See also: examine, get, head

need your head examined

be foolishly irresponsible.
The implication here is that the examination will reveal proof of insanity.
1992 Patrick McCabe The Butcher Boy Any man thinks this work is easy needs his head examined—you want to be tough to work here!
See also: examine, head, need

need, want, etc. your ˈhead examined

(informal) used for saying that somebody is behaving in a crazy or stupid way: She spent $300 on a pair of shoes? She needs her head examined.
See also: examine, head
References in periodicals archive ?
After examining a community career services program at a university career center, McKinnon stressed the importance of providing holistic and integrative career counseling, meeting adult needs such as increased evening hours, and creating a bridge between the university and community.
The use of historical information on disability issues provides an excellent foundation for examining the effects of disability polices on individuals, their families, and their communities today.
the only published guidance currently available) is limited in scope, section 5 of the proposed procedure seemingly requires that examining agents treat every adjustment for a timing issue as a change in method of accounting with a one-year [sections] 481(a) adjustment spread period in the earliest taxable year under examination.
Analyzing these alternative measures may be important, since, in many cases, examining solely the relationship between VR services and earnings may understate the actual impact of VR services on clients' labor market experiences.
This case study investigates the impact of network-enabled C2 capabilities on coalition military operations by examining in depth the insights and lessons learned by:
1999) The Musician's Soul: A Journey Examining Spirituality for Performers, Teachers, Composers, Conductors, and Music Educators.
Auditors examining the businesses will focus on eight primary areas: nonqualified deferred compensation, stock-based compensation, the $1 million cap on compensation paid to public company officers, golden parachute arrangements, split-dollar life insurance, fringe benefits and the use of two listed transactions (family limited partnerships and offshore employee leasing).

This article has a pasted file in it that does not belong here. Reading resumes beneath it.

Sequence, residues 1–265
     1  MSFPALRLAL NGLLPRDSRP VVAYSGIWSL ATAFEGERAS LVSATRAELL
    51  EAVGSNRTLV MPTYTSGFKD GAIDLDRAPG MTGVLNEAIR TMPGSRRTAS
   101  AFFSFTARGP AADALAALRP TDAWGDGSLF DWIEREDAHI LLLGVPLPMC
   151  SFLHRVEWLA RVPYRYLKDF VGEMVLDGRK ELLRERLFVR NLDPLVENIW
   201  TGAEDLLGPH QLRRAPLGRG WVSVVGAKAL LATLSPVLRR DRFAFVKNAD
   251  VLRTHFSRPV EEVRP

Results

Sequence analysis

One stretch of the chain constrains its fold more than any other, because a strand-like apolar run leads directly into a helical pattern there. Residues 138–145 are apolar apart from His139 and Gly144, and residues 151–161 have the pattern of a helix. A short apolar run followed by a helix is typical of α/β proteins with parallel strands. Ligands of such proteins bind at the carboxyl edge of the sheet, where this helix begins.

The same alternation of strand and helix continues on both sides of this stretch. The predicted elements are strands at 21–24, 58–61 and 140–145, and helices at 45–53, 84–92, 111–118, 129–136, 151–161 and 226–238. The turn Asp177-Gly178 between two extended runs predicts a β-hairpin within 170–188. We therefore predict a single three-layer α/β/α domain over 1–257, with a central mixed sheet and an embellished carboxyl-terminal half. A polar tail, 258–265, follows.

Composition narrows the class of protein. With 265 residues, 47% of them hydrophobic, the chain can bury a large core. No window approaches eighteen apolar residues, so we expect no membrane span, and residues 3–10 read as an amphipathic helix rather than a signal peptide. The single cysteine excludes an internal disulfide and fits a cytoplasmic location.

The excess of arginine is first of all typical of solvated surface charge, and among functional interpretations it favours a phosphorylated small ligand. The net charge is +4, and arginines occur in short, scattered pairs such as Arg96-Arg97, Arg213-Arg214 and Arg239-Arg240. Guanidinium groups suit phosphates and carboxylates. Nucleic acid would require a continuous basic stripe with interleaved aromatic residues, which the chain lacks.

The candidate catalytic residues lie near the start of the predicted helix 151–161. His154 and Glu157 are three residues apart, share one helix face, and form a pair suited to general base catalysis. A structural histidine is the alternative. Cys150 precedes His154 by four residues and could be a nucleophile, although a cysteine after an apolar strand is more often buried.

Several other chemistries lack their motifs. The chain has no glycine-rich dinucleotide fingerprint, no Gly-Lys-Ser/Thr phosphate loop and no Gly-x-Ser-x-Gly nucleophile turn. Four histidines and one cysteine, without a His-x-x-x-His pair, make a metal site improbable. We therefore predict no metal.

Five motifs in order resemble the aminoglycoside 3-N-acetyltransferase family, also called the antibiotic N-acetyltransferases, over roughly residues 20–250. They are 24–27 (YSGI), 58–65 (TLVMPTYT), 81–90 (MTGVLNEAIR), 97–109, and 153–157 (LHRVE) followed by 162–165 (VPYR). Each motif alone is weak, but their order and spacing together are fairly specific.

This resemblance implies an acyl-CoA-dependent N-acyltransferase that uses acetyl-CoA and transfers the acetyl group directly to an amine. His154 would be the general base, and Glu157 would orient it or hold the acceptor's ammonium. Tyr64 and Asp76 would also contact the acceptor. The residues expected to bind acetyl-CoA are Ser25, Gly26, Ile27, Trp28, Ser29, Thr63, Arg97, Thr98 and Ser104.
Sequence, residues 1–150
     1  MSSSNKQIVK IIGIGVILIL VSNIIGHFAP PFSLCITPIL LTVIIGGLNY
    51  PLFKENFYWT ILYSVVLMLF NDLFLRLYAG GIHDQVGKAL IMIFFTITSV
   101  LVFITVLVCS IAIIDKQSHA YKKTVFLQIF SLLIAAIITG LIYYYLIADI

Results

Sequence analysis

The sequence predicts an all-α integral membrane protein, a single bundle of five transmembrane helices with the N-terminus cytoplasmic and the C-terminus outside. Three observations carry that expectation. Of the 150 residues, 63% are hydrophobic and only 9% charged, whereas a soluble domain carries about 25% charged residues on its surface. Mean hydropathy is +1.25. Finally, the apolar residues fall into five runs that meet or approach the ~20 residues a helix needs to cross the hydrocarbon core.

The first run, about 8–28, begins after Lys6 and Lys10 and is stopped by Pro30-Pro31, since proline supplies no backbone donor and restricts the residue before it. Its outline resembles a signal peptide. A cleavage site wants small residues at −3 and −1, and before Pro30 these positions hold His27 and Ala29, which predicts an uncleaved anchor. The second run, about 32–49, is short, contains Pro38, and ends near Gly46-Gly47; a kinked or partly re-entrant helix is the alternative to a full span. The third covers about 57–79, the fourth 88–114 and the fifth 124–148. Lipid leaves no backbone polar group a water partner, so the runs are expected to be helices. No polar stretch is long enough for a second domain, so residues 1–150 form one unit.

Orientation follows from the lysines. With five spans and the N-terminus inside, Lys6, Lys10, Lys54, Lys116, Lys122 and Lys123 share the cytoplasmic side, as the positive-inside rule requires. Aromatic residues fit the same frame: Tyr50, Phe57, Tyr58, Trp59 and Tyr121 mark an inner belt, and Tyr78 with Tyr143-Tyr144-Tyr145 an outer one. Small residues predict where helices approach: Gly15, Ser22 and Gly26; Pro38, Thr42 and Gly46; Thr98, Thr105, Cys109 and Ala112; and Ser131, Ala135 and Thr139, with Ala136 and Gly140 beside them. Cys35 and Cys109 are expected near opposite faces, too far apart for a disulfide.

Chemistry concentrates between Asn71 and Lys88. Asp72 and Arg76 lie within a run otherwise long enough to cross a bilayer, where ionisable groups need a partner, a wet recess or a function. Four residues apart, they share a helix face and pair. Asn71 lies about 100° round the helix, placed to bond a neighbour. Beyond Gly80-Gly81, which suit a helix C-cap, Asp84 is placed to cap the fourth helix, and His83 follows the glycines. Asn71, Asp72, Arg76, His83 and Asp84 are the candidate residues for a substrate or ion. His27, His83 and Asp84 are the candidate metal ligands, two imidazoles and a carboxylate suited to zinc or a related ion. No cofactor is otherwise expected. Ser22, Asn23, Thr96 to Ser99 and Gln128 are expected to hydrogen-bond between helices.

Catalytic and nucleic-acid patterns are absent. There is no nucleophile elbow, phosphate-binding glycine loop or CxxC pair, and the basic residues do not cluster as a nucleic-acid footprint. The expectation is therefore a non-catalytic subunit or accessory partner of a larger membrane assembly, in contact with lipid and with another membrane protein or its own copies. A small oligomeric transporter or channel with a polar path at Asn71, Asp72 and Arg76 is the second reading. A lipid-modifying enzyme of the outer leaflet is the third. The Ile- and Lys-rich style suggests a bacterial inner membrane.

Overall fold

The book begins with a fine introduction by Mark Vessey and is then divided, somewhat arbitrarily, into eight chapters examining Erasmus' production of the Paraphrases and five examining their reception, including the printing process and translation into French and English.
By examining the physical arrangement, daily schedule, and communication systems they currently have in place, participants could determine if any of these practices were barriers or benefits to facilitating family involvement in the program.
These include sponsorship of scientific workshops to further research in key areas such as characterizing cardiac health effects associated with PM exposures, assessing costs and health benefits of air pollution controls, examining the health impacts of gasoline emissions in California, and apportioning PM sources and their associated health effects.
Also examining the effectiveness of a program, Linnehan investigated the effects of a work-based mentoring program on the academic performance and behavior of African American high school students.
The book is organized into three sections beginning with chapters examining prescriptions for female identity.
As a result, she calls for a discourse - written by black women - that resists the institutionalized language of poststructuralist theory and finds its strength in examining the history of (and the reasons behind) the emergence of black feminism.